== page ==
Purpose of Spiritual Directors?


When I joined CAF, I’ve seen many people talk about spiritual directors. I’m not too farmilar with them. Can anyone give me some information about what the purpose of having spiritual director is?

(If this is the wrong catagory, feel free to move it.)


They listen to what you’re being attracted to, then discern whether it’s the Holy Ghost doing the attracting. They can also make suggestions as to where your talents are the most useful. Any number of scenarios.

Dominicans leave the person to the spiritual classics, and have them go to Confession when they have a problem.

Mrs Cloisters OP
Lay Dominican


In the “old” days, a spiritual director was a person who was a trustworthy guide in moral and spiritual matters, in the journey of growing in the interior life, the life of prayer, toward holiness. He/she was deemed knowledgeable and faithful in the teachings and life of the Catholic Church, and (at best) personally experienced in the higher forms of prayer.

Now, we have institutionalized this to a point that troubles me. We have schools of spiritual direction that teach a formal course in spiritual direction and issue certification - a certificate in spiritual direction - to prove/verify it. Now, some directors may charge per hour for their “professional” (if I may use that term) counsel and advice.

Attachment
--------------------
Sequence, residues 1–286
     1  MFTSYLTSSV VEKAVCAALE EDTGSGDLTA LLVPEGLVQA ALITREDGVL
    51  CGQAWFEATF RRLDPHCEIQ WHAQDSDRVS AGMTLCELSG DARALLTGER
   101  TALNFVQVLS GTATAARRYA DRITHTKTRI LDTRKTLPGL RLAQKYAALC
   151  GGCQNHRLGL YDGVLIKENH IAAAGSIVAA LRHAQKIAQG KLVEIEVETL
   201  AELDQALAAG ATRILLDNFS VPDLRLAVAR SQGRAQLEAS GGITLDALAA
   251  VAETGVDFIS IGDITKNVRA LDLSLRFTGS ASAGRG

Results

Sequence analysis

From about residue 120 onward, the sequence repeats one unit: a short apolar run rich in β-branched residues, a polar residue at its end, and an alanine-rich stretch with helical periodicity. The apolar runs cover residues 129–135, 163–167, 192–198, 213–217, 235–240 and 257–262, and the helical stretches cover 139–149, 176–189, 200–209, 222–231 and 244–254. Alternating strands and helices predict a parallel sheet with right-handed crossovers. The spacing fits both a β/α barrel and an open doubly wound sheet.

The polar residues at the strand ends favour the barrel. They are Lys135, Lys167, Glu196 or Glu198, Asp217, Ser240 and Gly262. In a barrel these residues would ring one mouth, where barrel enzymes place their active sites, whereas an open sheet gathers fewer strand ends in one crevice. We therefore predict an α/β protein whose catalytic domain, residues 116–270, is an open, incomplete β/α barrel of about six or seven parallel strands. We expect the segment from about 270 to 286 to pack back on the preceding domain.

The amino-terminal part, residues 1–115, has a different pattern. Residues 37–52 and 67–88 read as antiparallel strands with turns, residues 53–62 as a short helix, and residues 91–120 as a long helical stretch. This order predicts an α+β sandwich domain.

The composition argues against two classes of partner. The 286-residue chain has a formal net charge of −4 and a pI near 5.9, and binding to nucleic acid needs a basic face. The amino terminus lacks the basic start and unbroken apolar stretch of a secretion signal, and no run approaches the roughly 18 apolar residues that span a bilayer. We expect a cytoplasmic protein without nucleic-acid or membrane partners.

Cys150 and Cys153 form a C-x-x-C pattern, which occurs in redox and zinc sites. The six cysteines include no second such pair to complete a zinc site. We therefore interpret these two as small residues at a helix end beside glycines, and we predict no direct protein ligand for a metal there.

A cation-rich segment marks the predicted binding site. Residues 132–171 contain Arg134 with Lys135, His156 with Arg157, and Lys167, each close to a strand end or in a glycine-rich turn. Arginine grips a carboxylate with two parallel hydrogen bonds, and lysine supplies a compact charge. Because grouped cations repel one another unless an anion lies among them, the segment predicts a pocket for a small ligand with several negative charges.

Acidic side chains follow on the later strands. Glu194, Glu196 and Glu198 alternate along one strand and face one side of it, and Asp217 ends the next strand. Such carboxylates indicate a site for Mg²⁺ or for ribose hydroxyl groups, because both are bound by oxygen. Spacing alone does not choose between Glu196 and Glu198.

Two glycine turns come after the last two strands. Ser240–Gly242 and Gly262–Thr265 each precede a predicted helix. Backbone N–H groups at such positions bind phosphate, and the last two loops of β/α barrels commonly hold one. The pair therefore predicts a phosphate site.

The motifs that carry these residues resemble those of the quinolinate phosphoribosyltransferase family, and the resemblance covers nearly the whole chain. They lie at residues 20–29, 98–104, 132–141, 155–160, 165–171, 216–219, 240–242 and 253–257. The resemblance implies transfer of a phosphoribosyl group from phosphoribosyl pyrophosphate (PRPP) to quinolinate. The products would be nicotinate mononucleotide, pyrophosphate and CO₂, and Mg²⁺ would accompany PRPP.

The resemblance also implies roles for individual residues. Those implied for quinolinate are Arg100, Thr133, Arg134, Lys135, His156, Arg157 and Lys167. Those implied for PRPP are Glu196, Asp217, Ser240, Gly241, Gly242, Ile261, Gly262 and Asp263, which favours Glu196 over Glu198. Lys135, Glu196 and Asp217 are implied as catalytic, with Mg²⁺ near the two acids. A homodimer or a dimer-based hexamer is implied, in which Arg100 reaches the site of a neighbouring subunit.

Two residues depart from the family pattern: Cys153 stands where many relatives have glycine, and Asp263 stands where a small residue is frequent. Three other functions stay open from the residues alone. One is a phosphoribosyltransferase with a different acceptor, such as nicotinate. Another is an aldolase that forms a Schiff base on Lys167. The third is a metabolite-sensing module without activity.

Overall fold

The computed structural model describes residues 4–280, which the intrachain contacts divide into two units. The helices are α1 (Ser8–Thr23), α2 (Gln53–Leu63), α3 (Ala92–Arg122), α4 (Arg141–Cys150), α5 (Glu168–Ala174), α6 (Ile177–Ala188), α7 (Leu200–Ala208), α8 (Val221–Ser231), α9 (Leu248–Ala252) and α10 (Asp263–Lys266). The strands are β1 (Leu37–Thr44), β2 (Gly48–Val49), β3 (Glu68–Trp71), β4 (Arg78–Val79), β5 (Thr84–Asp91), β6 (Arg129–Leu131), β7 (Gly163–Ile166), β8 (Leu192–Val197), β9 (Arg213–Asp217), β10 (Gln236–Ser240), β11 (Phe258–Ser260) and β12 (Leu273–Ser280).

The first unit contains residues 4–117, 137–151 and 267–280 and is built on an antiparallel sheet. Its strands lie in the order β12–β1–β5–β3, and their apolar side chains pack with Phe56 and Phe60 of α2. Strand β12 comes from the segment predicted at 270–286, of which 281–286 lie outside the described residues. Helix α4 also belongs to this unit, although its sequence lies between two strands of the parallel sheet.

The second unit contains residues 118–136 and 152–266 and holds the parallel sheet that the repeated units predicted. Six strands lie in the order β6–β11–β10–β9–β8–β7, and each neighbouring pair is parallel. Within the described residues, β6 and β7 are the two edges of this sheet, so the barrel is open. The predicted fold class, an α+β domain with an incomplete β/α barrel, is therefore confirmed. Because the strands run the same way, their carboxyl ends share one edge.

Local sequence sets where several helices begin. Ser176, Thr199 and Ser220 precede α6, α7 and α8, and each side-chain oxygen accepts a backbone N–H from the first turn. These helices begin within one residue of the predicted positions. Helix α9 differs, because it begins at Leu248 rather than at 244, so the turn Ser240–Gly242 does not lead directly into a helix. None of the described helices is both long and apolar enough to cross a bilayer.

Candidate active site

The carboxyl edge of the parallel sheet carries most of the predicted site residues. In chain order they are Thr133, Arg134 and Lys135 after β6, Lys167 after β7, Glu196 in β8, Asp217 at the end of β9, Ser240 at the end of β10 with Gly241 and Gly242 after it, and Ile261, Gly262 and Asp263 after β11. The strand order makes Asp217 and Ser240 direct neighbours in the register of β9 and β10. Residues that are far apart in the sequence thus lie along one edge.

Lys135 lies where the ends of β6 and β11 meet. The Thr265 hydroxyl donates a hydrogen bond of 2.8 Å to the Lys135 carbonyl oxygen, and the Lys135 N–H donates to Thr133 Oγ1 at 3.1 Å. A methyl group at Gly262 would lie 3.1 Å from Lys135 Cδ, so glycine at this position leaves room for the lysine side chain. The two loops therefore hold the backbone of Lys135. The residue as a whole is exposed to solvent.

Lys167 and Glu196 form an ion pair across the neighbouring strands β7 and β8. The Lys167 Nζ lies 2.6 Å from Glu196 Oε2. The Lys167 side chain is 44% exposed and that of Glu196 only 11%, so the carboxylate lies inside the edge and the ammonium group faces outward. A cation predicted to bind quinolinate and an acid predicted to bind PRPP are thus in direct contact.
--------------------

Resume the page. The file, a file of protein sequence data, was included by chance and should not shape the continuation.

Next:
These schools may have their own philosophy and curriculum, their own school of thought as to what constitutes “good” spiritual direction and what does not.

My advice: 1) seek holiness! seek sanctity! 2) find a good, holy, knowledgeable, wise, prayerful, faithful and experienced Catholic and seek advice when it seems appropriate and prudent. And if they want to get paid, look elsewhere.



I read what the Doctors and Saints of the church have written. Holy priests are rare today, even if you find one he may not have the time. Talk to St. John Vianney.


I think Fide has given an excellent response.

PianistClare once said you can often contact the chancellory office for your diocese and obtain a list of spiritual directors. The saints would pray hard that a good director would come to them. It’s essential to have one that is “good” … Fide has summed it up well.

Somtimes, I say sometimes, your confessor can be your s.d. It depends on a number of things though.


This looks like a good website to investigate for folk who are interested. I just came across it, but have yet to look closely at it.



The only school for Spiritual directors I know if is for people who want to be Ignatian retreat directors.

The Spiritual Exercises of St. Ignatius require the direction of person who is well-versed in Ignatian spirituality and how the Exercises work.

And what is so bad with people going to school to learn how to help people on their spiritual journeys?
The classes they take not only teach spirituality, but also teach how to be an active listener, how to guide conversations to be productive to the director and the directee.

As someone who has had a spiritual director for years, and am working to get my certification in Ignatian Spiritual direction, I find your comments disturbing. There may be some who see this as “money-making” endeavor, but they are very rare indeed.